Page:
There’s no way Trump’s doctor knows who the healthiest president is

We cannot compete.
We cannot compete.
Image: Reuters/Kevin Lamarque
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In December, Donald Trump’s physician claimed that Trump would “unequivocally” be “the healthiest individual ever elected to the presidency.” His statement, full of non-medical, but positively Trumpian descriptions of the Republican presidential candidate’s physical excellence, resurfaced recently after right wing circles claimed that rival Hillary Clinton is physically and mentally unfit for office.

On Friday, Dr. Harold Bornstein told NBC News that he stands by his claims, adding that he wrote the letter in five minutes while a limo sent by Trump was waiting. “I like that sentence to be quite honest with you and all the rest of them are either sick or dead,” Bornstein said, referring to his statement that Trump would be the healthiest president ever. Other doctors have responded with skepticism, with one describing the claim as ”patently ludicrous” to science journal STAT news.

Trump abstains from alcohol and tobacco, which is important for physical health. He plays golf. But he would be the oldest president elected to office, at 70 on Election Day. He works around the clock and boasts he only sleeps three or four hours per night—the kind of stressful lifestyle that has repeatedly been proven to take a toll on your health.  Trump also loves fast food. You don’t have to look far back in presidential history to find presumably healthier individuals: The much younger Obama with his daily exercise and strict snacking policy, as well as George W. Bush with a marathon under his belt, could be challengers to Bornstein’s claims.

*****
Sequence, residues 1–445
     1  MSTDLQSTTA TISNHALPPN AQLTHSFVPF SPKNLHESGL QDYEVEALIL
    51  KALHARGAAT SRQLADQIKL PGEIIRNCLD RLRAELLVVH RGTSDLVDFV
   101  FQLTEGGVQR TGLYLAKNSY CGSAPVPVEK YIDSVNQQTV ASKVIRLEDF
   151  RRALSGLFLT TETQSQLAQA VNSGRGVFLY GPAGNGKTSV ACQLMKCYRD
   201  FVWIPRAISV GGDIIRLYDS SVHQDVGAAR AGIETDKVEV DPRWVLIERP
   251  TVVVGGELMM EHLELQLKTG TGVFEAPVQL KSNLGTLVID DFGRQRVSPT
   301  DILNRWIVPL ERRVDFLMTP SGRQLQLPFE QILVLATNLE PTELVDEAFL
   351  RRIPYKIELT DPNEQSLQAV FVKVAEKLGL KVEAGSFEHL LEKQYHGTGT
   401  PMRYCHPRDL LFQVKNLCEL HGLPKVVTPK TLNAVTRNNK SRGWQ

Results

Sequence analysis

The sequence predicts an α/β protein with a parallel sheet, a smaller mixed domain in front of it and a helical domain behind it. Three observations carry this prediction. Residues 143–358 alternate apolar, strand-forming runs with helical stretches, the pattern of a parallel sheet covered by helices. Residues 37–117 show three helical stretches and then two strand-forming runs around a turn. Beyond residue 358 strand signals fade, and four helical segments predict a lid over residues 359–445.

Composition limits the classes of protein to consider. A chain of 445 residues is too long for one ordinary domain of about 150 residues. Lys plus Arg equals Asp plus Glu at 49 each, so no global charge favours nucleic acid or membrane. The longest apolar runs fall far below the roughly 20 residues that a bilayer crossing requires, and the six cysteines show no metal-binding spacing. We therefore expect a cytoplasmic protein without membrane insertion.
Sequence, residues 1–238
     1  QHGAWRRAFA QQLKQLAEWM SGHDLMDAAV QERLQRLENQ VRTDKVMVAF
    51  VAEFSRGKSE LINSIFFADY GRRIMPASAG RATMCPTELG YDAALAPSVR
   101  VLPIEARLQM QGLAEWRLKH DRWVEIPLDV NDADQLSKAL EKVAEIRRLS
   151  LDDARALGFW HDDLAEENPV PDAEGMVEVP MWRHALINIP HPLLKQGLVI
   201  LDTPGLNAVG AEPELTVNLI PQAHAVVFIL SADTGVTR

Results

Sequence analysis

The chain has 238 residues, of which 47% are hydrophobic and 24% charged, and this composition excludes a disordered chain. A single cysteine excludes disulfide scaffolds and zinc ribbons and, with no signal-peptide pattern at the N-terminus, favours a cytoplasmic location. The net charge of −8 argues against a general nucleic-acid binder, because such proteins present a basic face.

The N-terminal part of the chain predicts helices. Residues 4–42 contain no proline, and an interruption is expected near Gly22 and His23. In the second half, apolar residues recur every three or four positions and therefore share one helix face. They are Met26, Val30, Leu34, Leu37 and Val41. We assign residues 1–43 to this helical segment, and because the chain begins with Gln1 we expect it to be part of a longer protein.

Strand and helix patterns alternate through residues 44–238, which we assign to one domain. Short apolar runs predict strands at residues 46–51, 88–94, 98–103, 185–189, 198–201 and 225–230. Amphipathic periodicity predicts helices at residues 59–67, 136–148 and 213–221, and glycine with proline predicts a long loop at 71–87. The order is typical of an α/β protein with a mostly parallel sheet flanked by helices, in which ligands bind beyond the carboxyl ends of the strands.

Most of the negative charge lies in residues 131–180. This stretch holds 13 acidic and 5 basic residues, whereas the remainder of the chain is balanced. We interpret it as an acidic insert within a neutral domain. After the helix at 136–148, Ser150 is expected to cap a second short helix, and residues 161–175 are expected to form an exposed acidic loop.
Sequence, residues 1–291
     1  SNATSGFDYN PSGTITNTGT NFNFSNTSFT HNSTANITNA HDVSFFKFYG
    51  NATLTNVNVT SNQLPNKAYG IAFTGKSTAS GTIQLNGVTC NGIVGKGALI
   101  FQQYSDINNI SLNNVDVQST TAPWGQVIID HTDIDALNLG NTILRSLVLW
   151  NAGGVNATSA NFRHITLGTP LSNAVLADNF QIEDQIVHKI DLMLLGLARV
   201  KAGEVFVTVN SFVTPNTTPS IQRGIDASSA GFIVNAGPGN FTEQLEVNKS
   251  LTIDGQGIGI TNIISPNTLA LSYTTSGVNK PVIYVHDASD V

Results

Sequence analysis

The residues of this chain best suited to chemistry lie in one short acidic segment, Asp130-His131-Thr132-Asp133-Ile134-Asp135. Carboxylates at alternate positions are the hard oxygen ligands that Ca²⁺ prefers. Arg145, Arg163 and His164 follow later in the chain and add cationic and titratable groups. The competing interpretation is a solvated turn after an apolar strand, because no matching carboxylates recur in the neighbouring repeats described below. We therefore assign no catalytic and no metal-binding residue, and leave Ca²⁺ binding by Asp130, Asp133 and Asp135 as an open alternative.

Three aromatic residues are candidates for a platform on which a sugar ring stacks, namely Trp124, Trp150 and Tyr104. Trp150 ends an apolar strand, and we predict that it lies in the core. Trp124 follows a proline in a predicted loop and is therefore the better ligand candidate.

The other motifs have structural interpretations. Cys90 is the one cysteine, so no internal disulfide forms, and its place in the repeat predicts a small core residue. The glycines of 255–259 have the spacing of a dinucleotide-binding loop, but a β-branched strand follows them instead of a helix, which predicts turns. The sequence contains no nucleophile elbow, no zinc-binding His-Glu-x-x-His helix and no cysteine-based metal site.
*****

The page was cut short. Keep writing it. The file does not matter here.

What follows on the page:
And is it even possible to say which president is or was “the healthiest?”

The history of presidential health is murky. We simply don’t have medical reports from presidents that date beyond the last several decades. Many presidents kept their health under wraps, hiding their true conditions: Calvin Coolidge was secretly depressed; Woodrow Wilson suffered a paralyzing stroke while president. Because we have so little information on the topic, presidential historian H.W. Brands described Bornstein’s statement as ”utterly irresponsible” in an email to Quartz.

Health can be much harder to compare than policy positions. Both Bush and Obama were generally in excellent health according to their annual medical reports, but Bush suffered minor sports-related injuries and mild hearing loss and Obama has a history of smoking. Obama may have a resting heart rate of 56 beats-per-minute, but how does that rank him against Theodore Roosevelt, who practiced martial arts in the White House and was an actual cowboy? Or John Quincy Adams, who swam naked in the Potomac river every day and lived more than 30 years longer than his peers?